When it comes to investing, some people want to do it all at once. It can get addicting to see all the ways your money can grow and the great rates of return. Only invest in products you’re familiar with and can handle. Some people love following the stock market and having money they can move quickly. Others prefer mutual funds and CDs, which require less involvement and hands-on activity.

Whatever you choose, pick something you understand. Read all of the fine print and don’t feel bad asking questions or requesting clarification. Financial advisors are there to do just that, and they want you to get the best return for your dollar and have a product you’re happy with. They know you aren’t an expert, so don’t feel silly asking questions you think might be obvious. Chances are they’ve heard it all.

8. Seek Advice & Plan for Life’s Changes

When you face something unexpected or experience a big change like a marriage, divorce, new baby, or inheritance, it’s time to seek the advice of a financial expert. Many of these situations are emotional and stressful (even if it’s a positive stress) and those feelings can cloud your judgment and make it hard to see a clear path.

Financial advisors are prepared to deal with these big changes—they do it every single day. They can help you watch for loopholes and hidden fees, and keep you from making poor choices driven by emotion or fear. They know how to best address life’s big issues from a financial perspective and will guide you through questions you may have.

If you make a major investment, are heading toward retirement, want to return to school or switch from public to private education, these are all times to seek advice. If a relative or parent is moving in with you, you’re company is downsizing, or if you see another issue on the horizon, a financial advisor can help you manage risk and plan for things to be as financially painless as possible.

No one knows what the future holds, but we all can make certain plans for a few expected things. Planning for retirement is vital—even if you love your job, and figure you’ll work until you’re 90; even if your employer doesn’t offer retirement benefits and you don’t know how you can conceivably plan on your own.

Talk to a financial adviser and have them help you figure out a plan that will work for you. Invest in insurance—health, life, and disability. If you or your spouse become injured or worse, you need to have a plan to protect yourself financially. Create a will and set up a trust or savings plan for the care of your children.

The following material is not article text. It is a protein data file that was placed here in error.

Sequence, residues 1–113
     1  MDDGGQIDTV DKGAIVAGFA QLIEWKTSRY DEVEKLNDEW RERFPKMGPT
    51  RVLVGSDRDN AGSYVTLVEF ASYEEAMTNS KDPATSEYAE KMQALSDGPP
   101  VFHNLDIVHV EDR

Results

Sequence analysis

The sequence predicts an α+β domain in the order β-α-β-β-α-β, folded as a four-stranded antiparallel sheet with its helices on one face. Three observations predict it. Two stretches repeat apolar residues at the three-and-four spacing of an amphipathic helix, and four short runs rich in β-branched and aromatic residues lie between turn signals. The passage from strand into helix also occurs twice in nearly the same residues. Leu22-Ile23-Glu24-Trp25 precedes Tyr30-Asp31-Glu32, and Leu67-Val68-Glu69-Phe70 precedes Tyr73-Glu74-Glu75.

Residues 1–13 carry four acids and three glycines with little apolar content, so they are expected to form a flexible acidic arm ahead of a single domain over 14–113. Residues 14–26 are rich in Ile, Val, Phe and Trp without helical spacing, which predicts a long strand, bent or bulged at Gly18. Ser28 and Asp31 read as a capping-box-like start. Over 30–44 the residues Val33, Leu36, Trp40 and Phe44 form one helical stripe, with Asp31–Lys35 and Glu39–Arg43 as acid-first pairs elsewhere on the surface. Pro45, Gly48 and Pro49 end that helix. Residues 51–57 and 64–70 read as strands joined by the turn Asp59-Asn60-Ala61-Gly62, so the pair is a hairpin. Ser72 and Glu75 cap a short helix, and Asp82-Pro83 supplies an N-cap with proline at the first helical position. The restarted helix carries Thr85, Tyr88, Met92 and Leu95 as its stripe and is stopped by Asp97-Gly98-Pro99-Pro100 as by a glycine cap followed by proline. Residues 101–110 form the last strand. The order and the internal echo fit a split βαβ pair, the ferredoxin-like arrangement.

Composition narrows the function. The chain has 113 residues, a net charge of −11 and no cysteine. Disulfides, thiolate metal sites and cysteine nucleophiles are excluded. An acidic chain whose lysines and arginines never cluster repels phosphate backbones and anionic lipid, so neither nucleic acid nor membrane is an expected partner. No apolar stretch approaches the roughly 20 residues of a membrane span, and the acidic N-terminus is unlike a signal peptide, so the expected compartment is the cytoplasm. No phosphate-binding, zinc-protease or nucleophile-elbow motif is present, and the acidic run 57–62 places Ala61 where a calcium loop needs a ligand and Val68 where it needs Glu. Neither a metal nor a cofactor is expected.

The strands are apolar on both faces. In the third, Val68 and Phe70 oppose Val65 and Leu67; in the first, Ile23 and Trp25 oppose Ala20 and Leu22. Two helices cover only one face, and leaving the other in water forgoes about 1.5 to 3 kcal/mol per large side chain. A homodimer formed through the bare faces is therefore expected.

It can be hard to address the future and to sit down and do long-term planning, especially if it seems like something far off in the distance. Life is full of unknowns and surprises though, so it’s best to protect yourself by thinking about the future.

If you still find yourself unsure about how to manage money, contact a financial advisor for help.

9. If You’re Unsure, Call a Professional

In a legal situation, you’d call a lawyer. If you were sick, you’d call a doctor. If your sink were plugged up and flooding, you’d call a plumber. When it comes to financial situations, we often try to go it alone. Yes, we all deal with money every day, but a professional financial advisor can be highly valuable, especially when facing the unknown or dealing with situations that are new and unfamiliar.

When you’re trying to figure out what to do in a financial situation, whether it’s about investing, taxes, or even getting out of debt, chances are there’s someone out there who has experience and the expertise to guide you through it.

Now, financial advisors don’t work for free (which is why we all wish we had a best friend who would advise us instead) but they can be truly worth the cost in terms of your return and assistance. The next time you’re facing a big financial question or need some help, find someone who can advise you and assist so you don’t have to go it alone!

Ways to Think Like a Financial Advisor

Ruth Soukup
Ruth Soukup is dedicated to helping people everywhere create a life they love by follwing their dreams and achieving their biggest goals. She is the host of the wildly popular Do It Scared podcast, as well as the founder of Living Well Spending Less® and Elite Blog Academy®. She is also the New York Times bestselling author of six books, including Do It Scared®: Finding the Courage to Face Your Fears, Overcome Obstacles, and Create a Life You Love, which was the inspiration for this book. She lives in Florida with her husband Chuck, and 2 daughters Maggie & Annie.
Ruth Soukup